Every year Bicycle SA put on the Dirty Weekend Mountain Biking Festival, and it is easily my favourite event on the calendar. Camping out in the forest, riding some sweet single-track, and a killer atmosphere, this race rules. With 6, 12, and 24 hour options for individuals, duos and teams, there are options for all levels of fitness and skill to race.
I’d raced in a 4 man 24 hour team a bunch of times, and always thought I wasn’t quite up to doing it solo. I mean endurance mountain biking hurts plenty, and I always walked away from the 4 man team event pretty sore. But then I went and did a bunch of everestings that went for 24 hours or more, one of which was on a hard tail mountain bike, so I figured what the hell? Plus I had a dual suspension bike now, so I entered.
Continue reading “24 hour solo MTB – The Dirty Weekend”
Less and less am I finding myself engaged in stories around pro cycling. The drugs, the cheating, the robotic tactics and the lies. It gets crazy tiresome, and for the largest part I just can’t be bothered anymore. I find it harder and harder to trust race results, and the romance has gone. There are only brief glimmers of hope that shine through:
- Whenever Peter Sagan does anything. Anything at all. He could tie his shoes and I would happily live stream that shit.
- Whenever Esteban Chavez wins anything. I just want to cuddle that kid – sweetest guy in all of cycling.
- Paris Roubaix.
Continue reading “Paris Roubaix – Pro Cycling’s Breath of Fresh Air”
The Otway 300 is in it’s second year this year, and I am stoked to have ridden it. It’s a 2 day race, covering 300km and 6500m of climbing, around the town of Forrest in the Otways. Being down by the Great Ocean Road, the scenery ranges from timber forest, to lush tree-fern bush, to open farmland, and even includes some stunning beaches. Riding in pairs, the event has a unique charm, that attracts everyone from elite 24 hour racers, to weekenders looking for a challenge.
My riding mate and I had met only once, nearly 2 years before at a ride I did in Melbourne. Through the socials we realised we had similar interests, and so decided to ride together. I would say ‘race’, but with a somewhat casual build-up, we were a pair of roosters looking for a good time more than anything.
Continue reading “Otway 300 – Gravel, double and single track greatness.”
Riding a drop bar bike on gravel is tops. Like so much fun. The bacon frying sound that your tyres make when you hit the dirt, pushing up steep hills in totally the wrong gear, and enjoying the incredible feeling of freedom when you get out onto quiet country roads. It’s hard, it’s dirty, it’s exhilarating.
Continue reading “Gravelaide 2 – Riding a Gravel Grinduro”
300 km on a mountain bike, in 2 days, with 6000m of climbing. Oh, and you get to do it in the Otway National Park, right down by the Great Ocean Road. And to join this baggy pants party, you must be riding in a pair.
Far. Ken. Oath. Where do I sign? DTR (down to ride).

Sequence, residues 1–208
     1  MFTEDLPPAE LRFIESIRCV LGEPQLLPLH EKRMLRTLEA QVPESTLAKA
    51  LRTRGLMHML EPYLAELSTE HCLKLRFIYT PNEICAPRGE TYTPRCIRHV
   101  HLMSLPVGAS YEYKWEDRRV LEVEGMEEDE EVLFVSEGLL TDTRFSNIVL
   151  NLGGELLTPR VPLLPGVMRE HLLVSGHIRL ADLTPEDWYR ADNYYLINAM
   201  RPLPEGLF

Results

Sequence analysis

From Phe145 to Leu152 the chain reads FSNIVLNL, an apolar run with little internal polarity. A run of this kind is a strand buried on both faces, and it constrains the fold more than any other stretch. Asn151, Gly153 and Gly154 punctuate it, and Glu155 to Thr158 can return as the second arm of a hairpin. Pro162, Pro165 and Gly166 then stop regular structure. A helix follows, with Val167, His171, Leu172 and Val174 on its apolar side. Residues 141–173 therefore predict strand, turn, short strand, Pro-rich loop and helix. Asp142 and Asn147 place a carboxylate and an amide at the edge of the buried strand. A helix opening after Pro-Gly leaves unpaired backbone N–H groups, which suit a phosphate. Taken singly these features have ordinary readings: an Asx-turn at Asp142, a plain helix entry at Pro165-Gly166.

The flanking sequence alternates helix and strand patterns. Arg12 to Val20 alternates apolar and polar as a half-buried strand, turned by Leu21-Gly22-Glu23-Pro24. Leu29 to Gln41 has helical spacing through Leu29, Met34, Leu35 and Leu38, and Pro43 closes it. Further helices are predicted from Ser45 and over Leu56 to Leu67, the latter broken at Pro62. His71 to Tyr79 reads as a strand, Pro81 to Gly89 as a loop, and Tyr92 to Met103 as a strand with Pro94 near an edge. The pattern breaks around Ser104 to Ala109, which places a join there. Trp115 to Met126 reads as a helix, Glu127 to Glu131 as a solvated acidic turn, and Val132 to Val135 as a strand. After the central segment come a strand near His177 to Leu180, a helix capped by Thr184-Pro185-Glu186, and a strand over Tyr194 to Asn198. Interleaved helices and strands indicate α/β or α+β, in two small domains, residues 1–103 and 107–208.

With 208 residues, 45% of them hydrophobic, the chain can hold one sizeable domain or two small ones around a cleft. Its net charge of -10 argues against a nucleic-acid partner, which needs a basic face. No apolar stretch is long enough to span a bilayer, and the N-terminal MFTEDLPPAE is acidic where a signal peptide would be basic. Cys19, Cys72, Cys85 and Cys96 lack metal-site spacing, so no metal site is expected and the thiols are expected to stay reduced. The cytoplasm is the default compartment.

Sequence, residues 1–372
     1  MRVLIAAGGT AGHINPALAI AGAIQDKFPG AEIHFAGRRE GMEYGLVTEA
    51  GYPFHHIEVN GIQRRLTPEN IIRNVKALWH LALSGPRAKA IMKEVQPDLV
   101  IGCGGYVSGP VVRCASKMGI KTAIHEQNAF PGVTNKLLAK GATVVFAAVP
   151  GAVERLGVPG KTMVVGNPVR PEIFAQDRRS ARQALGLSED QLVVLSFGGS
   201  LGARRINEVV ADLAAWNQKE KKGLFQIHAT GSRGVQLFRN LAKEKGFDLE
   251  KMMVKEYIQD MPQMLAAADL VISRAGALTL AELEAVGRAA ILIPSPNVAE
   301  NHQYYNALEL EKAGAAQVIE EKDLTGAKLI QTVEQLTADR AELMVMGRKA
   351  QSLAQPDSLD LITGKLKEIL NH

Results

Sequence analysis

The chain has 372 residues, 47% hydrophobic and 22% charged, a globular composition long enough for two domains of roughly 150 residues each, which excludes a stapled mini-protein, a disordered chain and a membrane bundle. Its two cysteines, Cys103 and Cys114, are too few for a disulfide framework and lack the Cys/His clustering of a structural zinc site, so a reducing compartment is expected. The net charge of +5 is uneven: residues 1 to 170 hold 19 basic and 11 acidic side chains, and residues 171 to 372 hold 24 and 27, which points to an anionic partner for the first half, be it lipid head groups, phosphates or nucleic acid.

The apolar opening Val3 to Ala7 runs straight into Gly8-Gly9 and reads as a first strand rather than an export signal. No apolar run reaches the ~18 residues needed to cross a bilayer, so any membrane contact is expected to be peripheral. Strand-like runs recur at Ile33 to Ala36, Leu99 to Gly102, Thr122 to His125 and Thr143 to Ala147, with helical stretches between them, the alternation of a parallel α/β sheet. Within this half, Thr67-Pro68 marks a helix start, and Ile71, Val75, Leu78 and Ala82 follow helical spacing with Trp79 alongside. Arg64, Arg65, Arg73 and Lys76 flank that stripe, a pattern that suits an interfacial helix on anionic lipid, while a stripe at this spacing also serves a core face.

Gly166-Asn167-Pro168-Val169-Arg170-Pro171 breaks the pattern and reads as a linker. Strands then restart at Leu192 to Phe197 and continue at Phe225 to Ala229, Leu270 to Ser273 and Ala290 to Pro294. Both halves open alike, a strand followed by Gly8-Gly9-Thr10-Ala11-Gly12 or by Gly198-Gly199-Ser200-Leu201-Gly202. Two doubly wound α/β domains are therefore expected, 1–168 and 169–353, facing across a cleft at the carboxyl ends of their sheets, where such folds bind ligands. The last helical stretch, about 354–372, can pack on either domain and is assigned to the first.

Featured image from the Otway Odyssey.
Continue reading “Otway 300 – 300km off road.”
Specialized have recently come out with a new version of the Roubaix, and thankfully it is a huge departure from the old versiom. The old Roubaix I always thought was a little ugly, even if it has the same name as the mightiest of bike races to be held every year.
Continue reading “Review: 2017 Specialized Roubaix Expert”
Interview by Dave Edwards. Photos from Jason English.
After logging on to Strava, and seeing a mate, Mark Zanker, had just uploaded a HUGE ride, I asked him what he did the ride for. ‘Just because’ was his answer! What a perfect response. Mark and his brother Brian rode 335 kilometres from Port Augusta to Adelaide together on one massive day, and this is Mark’s story from the day.
Words and images by Mark Zanker
Continue reading “Riding Port Augusta to Adelaide in an All-Day Epic”
Riding hard and long (ha, phrasing…) requires a lot of fitness, and mental toughness. It’s not really a surprise to say this, and having a deficit in either category will leave you short of your goal. Yes there are definitely other factors that play a part in determining the success or failure of a rider achieving their lofty goals, but of all points, these are the 2 most important.
So it begs the question, which is more important? I’ve been chatting a lot with my mate James Raison a lot about this lately, and we have some different conclusions, which ultimately are born from our different abilities and situations in life. But this is my website, so sucked in James, I get to write the article…
Words by Dave Edwards.
Continue reading “Dads and DINKS – Grit Vs Fit”
There is a certain magic to climbing a hill on a bike. When you reach the peak of a hard climb, despite your legs screaming in pain, your lungs bursting, and the struggle of what you went through to get to the top, all that is remembered is the satisfaction of making it. Let’s face it, climbing can be bloody hard, but there are things you can do to make climbing easier. Here are some tips that we’ve discovered along the way to help make you a better climber.
Words and images by Brendan Edwards So Brendan is damn fast on a hill, click to read on about what he has to say on the topic